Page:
Mordechai Ben Porat rues the day he ever agreed to go shopping in Baghdad with a friend. The spree cost him a great deal of pain, much of his hearing as a result of torture, and a week in jail. But his companion, Yudka Tajer, paid a greater price: a lengthy term in an Iraqi jail.
The two were working for Mossad, the Israeli secret service. It was 22 May 1951. Ben Porat's mission was coming to an end: the Baghdad native had returned from Israel to organise the arlift of over 100,000 Jews out of Iraq as part of Operation Ezra and Nehemiah.
It was in Orosdi Bak, the Harrods of Baghdad (also known as Prix fixe, because it was the only store where bargaining was not allowed), that a Palestinian clerk from Acre recognised Tajer. He tipped off the police and the two were bundled into a car and taken to secret police headquarters. In the car Ben Porat frantically emptied his pockets and managed to destroy an incriminating newspaper cutting.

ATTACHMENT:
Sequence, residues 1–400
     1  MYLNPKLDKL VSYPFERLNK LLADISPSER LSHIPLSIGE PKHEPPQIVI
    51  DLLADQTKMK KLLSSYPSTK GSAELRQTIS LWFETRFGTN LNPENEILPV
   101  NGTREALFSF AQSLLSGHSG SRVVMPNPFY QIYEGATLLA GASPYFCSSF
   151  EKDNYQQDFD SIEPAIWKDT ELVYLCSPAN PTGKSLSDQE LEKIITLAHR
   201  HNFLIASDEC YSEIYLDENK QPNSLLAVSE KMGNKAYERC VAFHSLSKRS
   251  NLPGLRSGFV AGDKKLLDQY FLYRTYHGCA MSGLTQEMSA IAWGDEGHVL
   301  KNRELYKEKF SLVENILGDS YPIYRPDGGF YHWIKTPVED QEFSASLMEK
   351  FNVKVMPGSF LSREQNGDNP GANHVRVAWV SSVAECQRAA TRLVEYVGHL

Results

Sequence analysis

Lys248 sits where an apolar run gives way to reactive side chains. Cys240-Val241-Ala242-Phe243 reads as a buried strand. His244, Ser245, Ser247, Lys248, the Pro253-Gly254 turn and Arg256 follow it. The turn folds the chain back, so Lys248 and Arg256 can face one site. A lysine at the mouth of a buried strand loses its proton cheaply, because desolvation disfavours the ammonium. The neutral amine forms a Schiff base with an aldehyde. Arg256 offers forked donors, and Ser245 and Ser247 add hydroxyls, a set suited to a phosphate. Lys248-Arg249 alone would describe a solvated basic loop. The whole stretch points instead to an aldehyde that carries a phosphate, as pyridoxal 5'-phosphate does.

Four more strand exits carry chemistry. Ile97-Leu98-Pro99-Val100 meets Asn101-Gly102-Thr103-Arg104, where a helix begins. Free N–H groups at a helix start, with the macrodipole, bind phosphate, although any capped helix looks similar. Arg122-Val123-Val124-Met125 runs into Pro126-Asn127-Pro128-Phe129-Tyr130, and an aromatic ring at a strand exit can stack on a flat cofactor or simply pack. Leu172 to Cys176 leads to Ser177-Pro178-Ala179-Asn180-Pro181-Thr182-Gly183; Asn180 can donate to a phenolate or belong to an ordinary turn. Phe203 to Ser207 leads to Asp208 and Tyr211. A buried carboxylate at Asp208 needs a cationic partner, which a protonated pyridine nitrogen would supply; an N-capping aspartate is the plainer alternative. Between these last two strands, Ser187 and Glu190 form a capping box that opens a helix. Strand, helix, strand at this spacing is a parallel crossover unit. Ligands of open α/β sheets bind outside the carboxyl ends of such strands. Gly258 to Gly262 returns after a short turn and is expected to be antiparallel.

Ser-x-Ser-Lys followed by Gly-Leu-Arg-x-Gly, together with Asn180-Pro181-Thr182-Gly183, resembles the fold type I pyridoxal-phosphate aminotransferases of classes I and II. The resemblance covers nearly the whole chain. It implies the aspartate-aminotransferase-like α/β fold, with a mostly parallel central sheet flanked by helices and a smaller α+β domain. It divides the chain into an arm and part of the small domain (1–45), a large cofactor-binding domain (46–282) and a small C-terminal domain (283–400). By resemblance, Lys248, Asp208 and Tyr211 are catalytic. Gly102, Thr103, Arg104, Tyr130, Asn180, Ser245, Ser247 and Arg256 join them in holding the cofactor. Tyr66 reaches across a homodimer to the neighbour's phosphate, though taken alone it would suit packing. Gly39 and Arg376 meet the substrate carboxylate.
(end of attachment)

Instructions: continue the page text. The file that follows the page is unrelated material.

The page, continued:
The jail was in an old stable, with horse chains suspended from the walls. Ben Porat was tied to the horse chains and for several days and nights was beaten and tortured in the hope that he would divulge a wealth of contacts and information about the Zionist underground. But Ben Porat never spilled the beans. He was released and Mossad helped to organise his escape back to Israel. Later, he was sentenced to death in absentia.
Tajer was sentenced to life imprisonment with hard labour on spying charges. When he was eventually released from prison nine years later, Ben Porat's first words to him were: "now, whose bright idea was it to go shopping?"
Mordechai Ben Porat was a guest speaker at the JJAC London conference. He is the author of 'To Baghdad and back.'